This is what my father, of late memory, would call a “highfalutin dish.” And I can understand that view. It seems, mention rack of lamb and you get immediate pictures of people in some fancy-dan restaurant with waiters fluttering about with a maītre d’ snapping his fingers and pointing at tables. Fact is, rack of lamb is very easy to cook. Granted, it’s a mite more expensive cut but, for that special occasion, it’s well worth it. And my version is, naturally, Nuyorican style. Yes, we do have rack of lamb, with the usual seasonings native to our cuisine (plus a dash or rum). Think of it as an island treat.

In the old days, cooking rack of lamb was a pain because you had to prepare the rack of lamb by getting a whole rack, cutting all of the surface fat from the meat and bone, removing the long chine bone, hacking off the ends of the ribs, and leaving about one and one-half inches of the ribs intact while separating the rest from the loin of meat. This was difficult and time consuming. Today you can buy a rack of lamb with bones “frenched” (as they say) with blade and chine bone removed. All you have to do is wash the lamb under cold running water, dry with paper towel, season and cook.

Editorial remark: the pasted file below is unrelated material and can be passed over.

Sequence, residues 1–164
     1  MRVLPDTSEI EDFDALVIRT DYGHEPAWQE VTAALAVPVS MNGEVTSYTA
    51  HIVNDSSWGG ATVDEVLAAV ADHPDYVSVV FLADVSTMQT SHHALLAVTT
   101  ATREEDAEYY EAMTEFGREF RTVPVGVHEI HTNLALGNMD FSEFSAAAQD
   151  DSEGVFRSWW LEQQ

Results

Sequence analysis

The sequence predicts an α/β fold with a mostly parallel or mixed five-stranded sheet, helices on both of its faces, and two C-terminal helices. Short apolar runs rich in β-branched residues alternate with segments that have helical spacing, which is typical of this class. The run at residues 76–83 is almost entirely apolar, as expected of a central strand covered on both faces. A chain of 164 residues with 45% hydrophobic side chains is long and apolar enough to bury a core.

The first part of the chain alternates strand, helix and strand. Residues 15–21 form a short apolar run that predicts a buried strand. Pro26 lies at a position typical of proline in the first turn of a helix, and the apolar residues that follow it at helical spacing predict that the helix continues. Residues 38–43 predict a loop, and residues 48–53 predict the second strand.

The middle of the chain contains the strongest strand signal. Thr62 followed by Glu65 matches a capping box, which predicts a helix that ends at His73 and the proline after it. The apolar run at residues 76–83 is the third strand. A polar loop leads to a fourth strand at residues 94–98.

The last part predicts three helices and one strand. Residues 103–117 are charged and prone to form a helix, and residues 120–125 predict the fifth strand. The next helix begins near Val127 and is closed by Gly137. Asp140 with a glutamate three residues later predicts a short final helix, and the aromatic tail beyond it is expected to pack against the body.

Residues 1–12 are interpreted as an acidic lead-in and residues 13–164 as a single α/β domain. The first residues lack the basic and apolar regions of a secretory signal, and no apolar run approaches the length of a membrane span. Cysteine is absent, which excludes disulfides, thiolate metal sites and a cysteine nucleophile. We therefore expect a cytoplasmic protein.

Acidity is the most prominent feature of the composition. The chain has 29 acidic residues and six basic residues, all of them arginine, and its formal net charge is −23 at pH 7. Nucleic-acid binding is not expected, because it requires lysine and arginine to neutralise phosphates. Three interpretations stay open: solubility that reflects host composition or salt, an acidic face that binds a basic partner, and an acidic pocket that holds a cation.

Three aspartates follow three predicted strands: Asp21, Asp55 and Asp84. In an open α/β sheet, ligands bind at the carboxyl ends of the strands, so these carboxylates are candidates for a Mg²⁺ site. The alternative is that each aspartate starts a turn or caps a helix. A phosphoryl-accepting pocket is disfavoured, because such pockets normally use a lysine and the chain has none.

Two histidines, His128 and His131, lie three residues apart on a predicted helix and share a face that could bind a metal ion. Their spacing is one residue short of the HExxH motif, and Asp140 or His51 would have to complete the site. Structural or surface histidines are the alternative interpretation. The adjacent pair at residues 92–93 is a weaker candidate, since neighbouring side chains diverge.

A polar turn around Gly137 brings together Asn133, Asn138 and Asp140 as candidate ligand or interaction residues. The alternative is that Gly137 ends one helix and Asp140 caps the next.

Rack of lamb can be prepared in one of two ways: you can cook atop the oven by searing the meat on each side, and then simmering in some liquid on low heat, or roasted in the oven. Some chefs sear and then roast. I go for the traditional roasting method: just coat with bread crumbs and seasonings, and roast to desired doneness. Nothing could be simpler. Given my Puerto Rican background, I serve the dish with pilaf or saffron rice; but you can also serve it with baked or puréed potatoes and/or broiled tomatoes. Hell, you can serve it with french fries, if you want. In my culture we don’t stand on ritual, just taste and satisfaction.


1 well-trimmed rack of lamb (1 to 1 1/2 pounds), bones frenched (blade and chine bones removed)
1/2 cup fresh bread crumbs
1/2 cup fresh chopped parsley
3 clove garlic, peeled and finely minced
1/2 teaspoon dried oregano
Ground black pepper to taste
2 tablespoons melted butter
1 tablespoon dark or white rum (dark rum gives more pronounced flavor)

1. Preheat oven to 450 degrees F.
2. In a bowl, combine the bread crumbs, parsley, garlic, oregano and pepper.
3. Rub the rack of lamb with butter.
4. Coat the rack of lamb with bread crumb mixture, pressing evenly over the meat on both sides.
5. Place in a baking dish large enough to hold the rack in one layer, sprinkle with the rum; and roast, meat side up, for 10 minutes.
6. Reduce temperature to 400 degrees. Roast for 15-20 minutes more. Check for doneness (around 135 degrees for medium rare). Let lamb stand 10 minutes before serving.
    Yield: 3-4 servings.